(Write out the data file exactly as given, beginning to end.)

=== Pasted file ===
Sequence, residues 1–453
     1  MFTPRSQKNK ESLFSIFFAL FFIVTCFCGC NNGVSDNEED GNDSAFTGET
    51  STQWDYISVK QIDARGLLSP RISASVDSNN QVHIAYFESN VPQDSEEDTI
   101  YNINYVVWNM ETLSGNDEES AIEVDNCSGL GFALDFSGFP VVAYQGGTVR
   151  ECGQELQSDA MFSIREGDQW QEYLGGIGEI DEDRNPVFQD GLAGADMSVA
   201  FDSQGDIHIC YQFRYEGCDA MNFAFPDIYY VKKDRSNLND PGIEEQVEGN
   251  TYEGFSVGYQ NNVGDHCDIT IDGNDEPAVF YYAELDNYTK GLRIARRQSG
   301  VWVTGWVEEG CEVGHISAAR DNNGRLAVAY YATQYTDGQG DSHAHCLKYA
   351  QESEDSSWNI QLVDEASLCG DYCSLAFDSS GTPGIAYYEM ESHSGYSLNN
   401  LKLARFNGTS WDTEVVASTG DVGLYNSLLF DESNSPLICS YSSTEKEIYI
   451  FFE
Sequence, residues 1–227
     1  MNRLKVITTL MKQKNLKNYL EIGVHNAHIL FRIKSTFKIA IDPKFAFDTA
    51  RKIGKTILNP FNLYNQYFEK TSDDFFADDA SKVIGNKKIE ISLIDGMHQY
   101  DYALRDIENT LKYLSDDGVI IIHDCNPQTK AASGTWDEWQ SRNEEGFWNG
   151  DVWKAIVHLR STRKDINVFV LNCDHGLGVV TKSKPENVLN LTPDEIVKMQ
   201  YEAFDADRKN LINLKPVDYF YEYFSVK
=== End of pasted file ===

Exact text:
Sequence, residues 1–453
     1  MFTPRSQKNK ESLFSIFFAL FFIVTCFCGC NNGVSDNEED GNDSAFTGET
    51  STQWDYISVK QIDARGLLSP RISASVDSNN QVHIAYFESN VPQDSEEDTI
   101  YNINYVVWNM ETLSGNDEES AIEVDNCSGL GFALDFSGFP VVAYQGGTVR
   151  ECGQELQSDA MFSIREGDQW QEYLGGIGEI DEDRNPVFQD GLAGADMSVA
   201  FDSQGDIHIC YQFRYEGCDA MNFAFPDIYY VKKDRSNLND PGIEEQVEGN
   251  TYEGFSVGYQ NNVGDHCDIT IDGNDEPAVF YYAELDNYTK GLRIARRQSG
   301  VWVTGWVEEG CEVGHISAAR DNNGRLAVAY YATQYTDGQG DSHAHCLKYA
   351  QESEDSSWNI QLVDEASLCG DYCSLAFDSS GTPGIAYYEM ESHSGYSLNN
   401  LKLARFNGTS WDTEVVASTG DVGLYNSLLF DESNSPLICS YSSTEKEIYI
   451  FFE
Sequence, residues 1–227
     1  MNRLKVITTL MKQKNLKNYL EIGVHNAHIL FRIKSTFKIA IDPKFAFDTA
    51  RKIGKTILNP FNLYNQYFEK TSDDFFADDA SKVIGNKKIE ISLIDGMHQY
   101  DYALRDIENT LKYLSDDGVI IIHDCNPQTK AASGTWDEWQ SRNEEGFWNG
   151  DVWKAIVHLR STRKDINVFV LNCDHGLGVV TKSKPENVLN LTPDEIVKMQ
   201  YEAFDADRKN LINLKPVDYF YEYFSVK